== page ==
OK, maybe it's not a frenzy per se, but I've always appreciated a good movie soundtrack album. And often, when I'm stumped as to what to purchase in my good ol' fashioned record store (scarce and getting scarcer), I head over to the soundtrack section and see what's going on over there.
What's going on in the world of soundtrack selection? I've compiled a small list of favorites. Some of these I have yet to purchase. They're "on the list"!
The Big Lebowski is a cult favorite and with good reason. It's a genuinely weird movie about slackers and bowling with a great cast headed by Jeff Bridges. If you possess a Type "A" personality, you might find Lebowski a little too laid back, but clearly, the big lummox is not just a happy person. He's content. Of course the Coen brothers mess him up as much as possible (their trademark), but he is basically and unusually content with himself and his simple existence.
Kenny Rogers & the First Edition delve into psychedelia with "Just Dropped In." While this scene is not as elaborate as Busby Berkeley would have staged it, it's quite satisfying for a bowling musical number. Plus you get Bob Dylan, Captain Beefheart, Elvis Costello, Nina Simone, Townes Zandt and Yma Sumac, to name just a few of the fine artists on this, one of my favorite soundtracks.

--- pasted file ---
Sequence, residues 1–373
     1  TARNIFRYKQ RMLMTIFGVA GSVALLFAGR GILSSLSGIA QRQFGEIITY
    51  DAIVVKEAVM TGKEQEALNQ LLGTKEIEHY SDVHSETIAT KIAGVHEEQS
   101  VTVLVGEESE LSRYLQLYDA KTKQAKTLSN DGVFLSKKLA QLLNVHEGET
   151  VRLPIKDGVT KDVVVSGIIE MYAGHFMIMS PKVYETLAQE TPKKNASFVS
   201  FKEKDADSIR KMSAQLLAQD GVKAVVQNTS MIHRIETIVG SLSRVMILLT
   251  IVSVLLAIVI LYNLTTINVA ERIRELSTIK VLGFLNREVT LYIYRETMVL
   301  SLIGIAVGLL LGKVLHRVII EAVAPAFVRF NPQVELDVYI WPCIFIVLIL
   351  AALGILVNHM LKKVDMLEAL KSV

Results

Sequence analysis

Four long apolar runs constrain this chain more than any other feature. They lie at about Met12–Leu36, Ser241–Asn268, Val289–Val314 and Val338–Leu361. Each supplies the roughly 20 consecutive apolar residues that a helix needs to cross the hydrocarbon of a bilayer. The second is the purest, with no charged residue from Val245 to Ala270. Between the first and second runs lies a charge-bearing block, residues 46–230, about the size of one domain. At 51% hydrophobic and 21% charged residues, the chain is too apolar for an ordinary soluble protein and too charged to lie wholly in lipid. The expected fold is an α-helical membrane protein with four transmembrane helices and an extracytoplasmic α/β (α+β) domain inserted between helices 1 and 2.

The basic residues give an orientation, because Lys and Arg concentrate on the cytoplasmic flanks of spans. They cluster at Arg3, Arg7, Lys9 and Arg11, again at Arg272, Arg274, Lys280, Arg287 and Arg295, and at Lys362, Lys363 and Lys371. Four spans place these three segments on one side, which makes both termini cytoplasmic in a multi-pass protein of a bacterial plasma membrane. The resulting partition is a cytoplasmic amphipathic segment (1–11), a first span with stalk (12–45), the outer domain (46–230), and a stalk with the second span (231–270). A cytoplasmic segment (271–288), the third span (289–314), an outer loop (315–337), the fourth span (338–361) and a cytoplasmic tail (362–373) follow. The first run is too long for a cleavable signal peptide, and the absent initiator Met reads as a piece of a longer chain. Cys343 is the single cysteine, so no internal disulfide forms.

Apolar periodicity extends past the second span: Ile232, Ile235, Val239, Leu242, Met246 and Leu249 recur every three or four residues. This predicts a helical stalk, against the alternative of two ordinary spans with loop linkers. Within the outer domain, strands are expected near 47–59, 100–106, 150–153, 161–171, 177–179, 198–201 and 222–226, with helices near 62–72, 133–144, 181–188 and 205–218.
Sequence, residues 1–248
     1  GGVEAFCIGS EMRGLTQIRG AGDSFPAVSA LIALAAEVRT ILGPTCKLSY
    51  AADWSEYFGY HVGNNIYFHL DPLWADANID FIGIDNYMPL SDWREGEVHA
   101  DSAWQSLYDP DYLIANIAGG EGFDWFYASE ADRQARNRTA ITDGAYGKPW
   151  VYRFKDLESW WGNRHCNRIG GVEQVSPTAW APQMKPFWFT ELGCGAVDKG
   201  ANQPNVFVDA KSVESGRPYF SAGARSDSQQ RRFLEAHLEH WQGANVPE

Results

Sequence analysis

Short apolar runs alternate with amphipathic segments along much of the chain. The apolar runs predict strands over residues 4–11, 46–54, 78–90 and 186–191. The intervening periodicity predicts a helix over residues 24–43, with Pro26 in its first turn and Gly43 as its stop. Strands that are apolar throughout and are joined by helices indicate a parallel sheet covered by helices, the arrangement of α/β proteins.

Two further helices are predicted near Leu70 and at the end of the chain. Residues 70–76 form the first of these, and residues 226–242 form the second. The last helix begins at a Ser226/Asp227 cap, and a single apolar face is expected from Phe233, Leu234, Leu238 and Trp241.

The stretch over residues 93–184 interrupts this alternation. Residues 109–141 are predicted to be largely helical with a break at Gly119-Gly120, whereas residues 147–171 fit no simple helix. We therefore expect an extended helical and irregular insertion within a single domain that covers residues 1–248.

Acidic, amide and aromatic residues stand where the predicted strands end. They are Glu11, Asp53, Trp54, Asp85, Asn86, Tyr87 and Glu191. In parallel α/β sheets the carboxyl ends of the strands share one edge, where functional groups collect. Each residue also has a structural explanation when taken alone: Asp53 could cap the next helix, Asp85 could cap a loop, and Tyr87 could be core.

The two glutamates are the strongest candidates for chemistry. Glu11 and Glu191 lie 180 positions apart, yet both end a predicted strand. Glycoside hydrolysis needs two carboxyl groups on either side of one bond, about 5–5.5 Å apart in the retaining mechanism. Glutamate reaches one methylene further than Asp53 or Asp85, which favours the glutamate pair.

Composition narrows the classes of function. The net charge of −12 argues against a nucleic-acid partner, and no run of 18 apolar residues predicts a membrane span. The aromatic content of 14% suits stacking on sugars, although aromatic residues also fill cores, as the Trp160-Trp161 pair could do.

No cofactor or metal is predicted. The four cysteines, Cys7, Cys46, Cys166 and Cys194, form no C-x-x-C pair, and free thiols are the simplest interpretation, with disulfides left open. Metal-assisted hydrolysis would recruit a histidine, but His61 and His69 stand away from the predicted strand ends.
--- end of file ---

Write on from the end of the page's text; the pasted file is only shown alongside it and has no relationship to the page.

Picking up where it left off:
Mad Men was so sexist in its first season that it was actually gloriously surreal in making its feminist points. The early workings of Peggy Olsen's bright and struggling future as a talented copywriter is brilliantly and visually set to David Carbonara's "Lipstick" on the Mad Men: Vol. 1 soundtrack. Plus gems like Ella Fitzgerald doing "Manhattan" and Robert Maxwell's Shangri-La.
(actual Robert Maxwell tune, ignore the image)
The room full of dying circuits that electronic composers Louis and Bebe Barron built and recorded for the Forbidden Planet soundtrack might not be to everyone's taste, but it's still one of the best soundtracks ever. The Barrons were up to the challenge of creating not just Krell music, but also all the blips and bleeps and Id monster howls from another world.
O Brother Where Art Thou? - This is one I still have to get. The Coen Brothers' ode to American roots music. And George Clooney is fi-ii-ine.
John Hartford, "Indian War Whoop"